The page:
America Online’s chairman and chief executive officer, Steve Case, predicts a second Internet revolution that will make the first one "look quaint by comparison."

The second revolution will be characterized by the convergence of media, entertainment and information, as well as a melding of household appliances like televisions, personal computers and telephones, which will be linked together and share content and functionality, he said.

"This is the beginning of a world we all dreamed about creating 10 years ago," Case said, during his Keynote speech at Internet World, "We've talked about this for years, but it's finally starting to happen."

The AOL chief showed prototypes of new Internet appliances developed by AOL and Gateway 2000 that, he said, will help make the converged vision a reality by providing consumers with tools for faster, easier access to the Internet.

The products, which will use the Linux operating system and a lightweight version of Netscape's Gecko browser, include a lightweight "countertop" appliance for the kitchen, a desktop appliance designed to serve as a low-cost alternative to the PC, and a wireless Web-pad.

Case said the Web pad is light enough to be installed anywhere in the home, and has a pivoting screen that will allow it to be hung from the underside of a shelf in the kitchen. The first appliances will be available at the end of this year, he said.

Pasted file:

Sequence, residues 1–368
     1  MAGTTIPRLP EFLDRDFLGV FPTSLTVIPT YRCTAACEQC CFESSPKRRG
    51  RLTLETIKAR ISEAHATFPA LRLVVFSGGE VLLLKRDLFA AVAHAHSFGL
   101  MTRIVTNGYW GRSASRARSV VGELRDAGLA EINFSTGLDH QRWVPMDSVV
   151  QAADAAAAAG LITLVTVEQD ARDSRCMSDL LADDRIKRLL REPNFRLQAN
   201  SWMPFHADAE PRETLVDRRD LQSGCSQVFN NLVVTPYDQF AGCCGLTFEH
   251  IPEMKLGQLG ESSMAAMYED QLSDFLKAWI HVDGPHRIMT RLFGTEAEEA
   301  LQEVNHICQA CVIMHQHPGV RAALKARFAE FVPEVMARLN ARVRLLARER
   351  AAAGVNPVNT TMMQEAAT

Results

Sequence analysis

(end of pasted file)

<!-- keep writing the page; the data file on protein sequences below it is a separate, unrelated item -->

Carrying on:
Mark Foster, vice president of marketing with, a provider of online educational courses, said: "I'm in the Internet business, but my wife is a general consumer and this is exactly the kind of thing that will win her over.

"Key to all this is simplicity for the consumer. It's got to be as seamless for them as Case portrayed it to be here today."

Case sounded a note of caution, saying the industry must be careful to include all citizens in the Internet, and not just the affluent. About three-quarters of homes in the US with incomes of $75,000 and above are connected to the Web, Case said, compared with only 10 per cent of the poorest households.

"I don't think there is a more urgent task than dealing with difficult societal issues, including the digital divide," Case said. "It's no use just talking about it, we have to do it," he added.